The current housing backlog of 2.3 million means that about 12 million people live without decent housing. Alarmingly, these numbers are growing, exacerbated by an influx of foreign nationals from neighbouring failed states. 800 townships existed in the early 1990s and today more than 2,500 are eyesores on the outskirts of South Africa’s cities. Given the scarcity of available land, what is government doing differently to address this burgeoning problem? A private sector company, General Motors (GM), has explored different ways to address the housing backlog by developing a variety of models for former shack-dwellers.
Its most ambitious experiment fifteen years ago in Missionvale, Port Elizabeth was one of the first low-cost housing models in the country to use the higher-density approach. Higher-density models make it possible to house more people on less land. But the 1,553 families of Missionvale had to understand the trade off: a bigger erf size and an unattached house, for a bigger house and the chance to live within walking distance of job opportunities. But Missionvale was not without its flaws. The 106-page report on the GM website extols lessons learnt and these were applied on a subsequent development in 2000. The result was the Sakhasonke Housing Village, a refined higher-density model that translated into a contained, customised living space for the poor.
Sakhasonke targeted those earning less than R1500 a month and earmarked the old 4.4 hectare caravan park in the suburb of Walmer to build double-story semi-detached units on an average erf size of 72m2. The ground floor of each unit contains a kitchen, a bathroom with a shower, a toilet and a living room. Upstairs are two bedrooms with an insulated ceiling.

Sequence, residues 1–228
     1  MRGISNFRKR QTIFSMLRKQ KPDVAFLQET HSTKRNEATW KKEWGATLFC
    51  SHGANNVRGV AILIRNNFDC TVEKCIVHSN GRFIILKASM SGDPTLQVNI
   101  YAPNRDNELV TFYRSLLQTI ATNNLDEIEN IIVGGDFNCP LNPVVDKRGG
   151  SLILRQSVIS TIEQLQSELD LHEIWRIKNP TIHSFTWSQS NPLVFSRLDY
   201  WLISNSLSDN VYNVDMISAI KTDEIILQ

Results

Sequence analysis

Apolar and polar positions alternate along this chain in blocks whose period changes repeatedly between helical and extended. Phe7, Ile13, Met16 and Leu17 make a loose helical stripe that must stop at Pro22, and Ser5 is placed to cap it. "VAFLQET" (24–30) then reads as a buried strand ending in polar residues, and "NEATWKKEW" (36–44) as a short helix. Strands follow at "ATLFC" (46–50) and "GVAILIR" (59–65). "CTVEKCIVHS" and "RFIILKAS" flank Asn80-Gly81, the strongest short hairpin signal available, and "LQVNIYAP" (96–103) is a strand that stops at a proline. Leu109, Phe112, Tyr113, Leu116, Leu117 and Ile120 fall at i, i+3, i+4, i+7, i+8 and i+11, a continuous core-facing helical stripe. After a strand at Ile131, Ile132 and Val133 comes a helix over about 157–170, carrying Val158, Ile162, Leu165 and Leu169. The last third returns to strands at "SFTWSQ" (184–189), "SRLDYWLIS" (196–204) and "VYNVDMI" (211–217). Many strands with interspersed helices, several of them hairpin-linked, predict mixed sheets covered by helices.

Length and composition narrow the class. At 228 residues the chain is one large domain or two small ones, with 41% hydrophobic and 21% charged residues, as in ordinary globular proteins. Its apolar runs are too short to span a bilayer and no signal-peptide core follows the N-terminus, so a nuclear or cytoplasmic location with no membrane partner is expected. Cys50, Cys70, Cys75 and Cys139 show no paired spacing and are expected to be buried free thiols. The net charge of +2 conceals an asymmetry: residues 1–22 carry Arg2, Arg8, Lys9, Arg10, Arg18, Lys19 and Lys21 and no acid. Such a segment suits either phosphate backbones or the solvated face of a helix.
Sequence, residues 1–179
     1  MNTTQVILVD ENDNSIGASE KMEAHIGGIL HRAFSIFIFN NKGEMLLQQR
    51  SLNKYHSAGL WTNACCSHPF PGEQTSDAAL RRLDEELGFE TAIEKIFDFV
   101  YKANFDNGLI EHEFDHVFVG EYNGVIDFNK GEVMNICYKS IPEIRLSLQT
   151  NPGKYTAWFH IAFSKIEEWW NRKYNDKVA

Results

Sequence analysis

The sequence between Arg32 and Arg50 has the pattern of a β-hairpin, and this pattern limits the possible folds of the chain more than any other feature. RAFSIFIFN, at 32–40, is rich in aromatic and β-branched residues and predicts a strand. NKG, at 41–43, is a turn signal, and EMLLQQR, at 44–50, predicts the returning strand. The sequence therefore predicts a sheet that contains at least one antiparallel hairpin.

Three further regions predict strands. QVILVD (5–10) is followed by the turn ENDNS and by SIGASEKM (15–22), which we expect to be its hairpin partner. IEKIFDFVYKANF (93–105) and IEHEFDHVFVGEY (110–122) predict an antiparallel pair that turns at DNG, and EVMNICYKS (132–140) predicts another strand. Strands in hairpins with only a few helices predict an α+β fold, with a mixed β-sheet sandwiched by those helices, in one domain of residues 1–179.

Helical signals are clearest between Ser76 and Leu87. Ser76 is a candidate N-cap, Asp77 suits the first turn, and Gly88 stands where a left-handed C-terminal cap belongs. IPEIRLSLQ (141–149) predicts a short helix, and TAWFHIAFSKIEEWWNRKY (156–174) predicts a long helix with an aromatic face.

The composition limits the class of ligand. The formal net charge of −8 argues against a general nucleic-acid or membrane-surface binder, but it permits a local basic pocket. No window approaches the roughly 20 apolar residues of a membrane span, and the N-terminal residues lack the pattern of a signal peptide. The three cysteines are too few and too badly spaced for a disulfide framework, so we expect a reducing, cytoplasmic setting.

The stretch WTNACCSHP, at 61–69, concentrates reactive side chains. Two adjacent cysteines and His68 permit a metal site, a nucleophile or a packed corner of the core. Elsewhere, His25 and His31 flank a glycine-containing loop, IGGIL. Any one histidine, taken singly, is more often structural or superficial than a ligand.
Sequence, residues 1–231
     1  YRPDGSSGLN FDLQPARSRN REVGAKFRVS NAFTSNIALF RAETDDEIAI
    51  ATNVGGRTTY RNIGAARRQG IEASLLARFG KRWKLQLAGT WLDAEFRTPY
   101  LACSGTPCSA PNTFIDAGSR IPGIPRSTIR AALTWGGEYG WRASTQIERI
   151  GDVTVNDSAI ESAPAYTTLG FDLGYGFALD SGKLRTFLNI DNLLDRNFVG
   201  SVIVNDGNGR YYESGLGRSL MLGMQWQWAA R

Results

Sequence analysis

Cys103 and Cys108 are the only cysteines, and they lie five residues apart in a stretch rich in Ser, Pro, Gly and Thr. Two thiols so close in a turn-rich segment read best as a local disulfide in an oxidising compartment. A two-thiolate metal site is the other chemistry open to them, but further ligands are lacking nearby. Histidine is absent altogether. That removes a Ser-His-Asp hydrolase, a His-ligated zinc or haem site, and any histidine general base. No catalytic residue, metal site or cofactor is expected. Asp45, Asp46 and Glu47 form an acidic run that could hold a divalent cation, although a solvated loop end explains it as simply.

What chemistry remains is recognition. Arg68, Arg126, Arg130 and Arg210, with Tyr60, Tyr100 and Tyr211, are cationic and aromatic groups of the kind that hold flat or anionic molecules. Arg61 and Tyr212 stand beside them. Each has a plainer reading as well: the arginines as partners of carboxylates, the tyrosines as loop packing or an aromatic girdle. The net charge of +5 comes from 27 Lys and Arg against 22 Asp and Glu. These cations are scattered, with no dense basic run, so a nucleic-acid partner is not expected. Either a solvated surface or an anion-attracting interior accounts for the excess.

Sakhasonke was not a top down imposition. Consultative workshops were held with eligible home owners who were making the transition from a shack to a house. Cardboard models of the homes were constructed and they were allowed to take them apart and discuss whether or not their needs were taken into consideration into the design of Sakhasonke. People estimated the size of the erfs by pacing the length and width of the proposed plot sizes to fully understand the parameters their home was going to occupy.
75% of households were women-headed who suggested houses face each other to see their children play. Walkways were pedestrianised and opened up into green courtyards as very few people owned a car. The sense of enclosure is comfortable as buildings were not built too close together, allowing for adequate sunlight to filter in and the capacity to extend houses in the future.
Sakhasonke was built within the R30 000 housing subsidy allowance and demonstrated that higher-density development can be more cost-effective. In the traditional RDP-style houses, individual plots are serviced, which is costly. Costs were saved in Sakhasonke by designing units to share wet walls and services. Houses were also built using the standard lengths of building materials like sheet and timber. Any surplus materials were reused. Manhole rings for example became benches or tree planters in the communal recreational areas.
When comparing Sakhasonke with RDP housing, the differences are stark. On the same piece of land, if an RDP-method were used, only 126 houses accommodating 630 people could be possible. By contrast, Sakhasonke housed 1,685 people in 337 units.
After winning an Impumelelo award in 2007, we submitted the project to the Dubai International Award for Best Practice and they won top honours in 2008. If Sakhasonke can teach the world a thing or two about providing houses, South Africa should learn from its own innovations!
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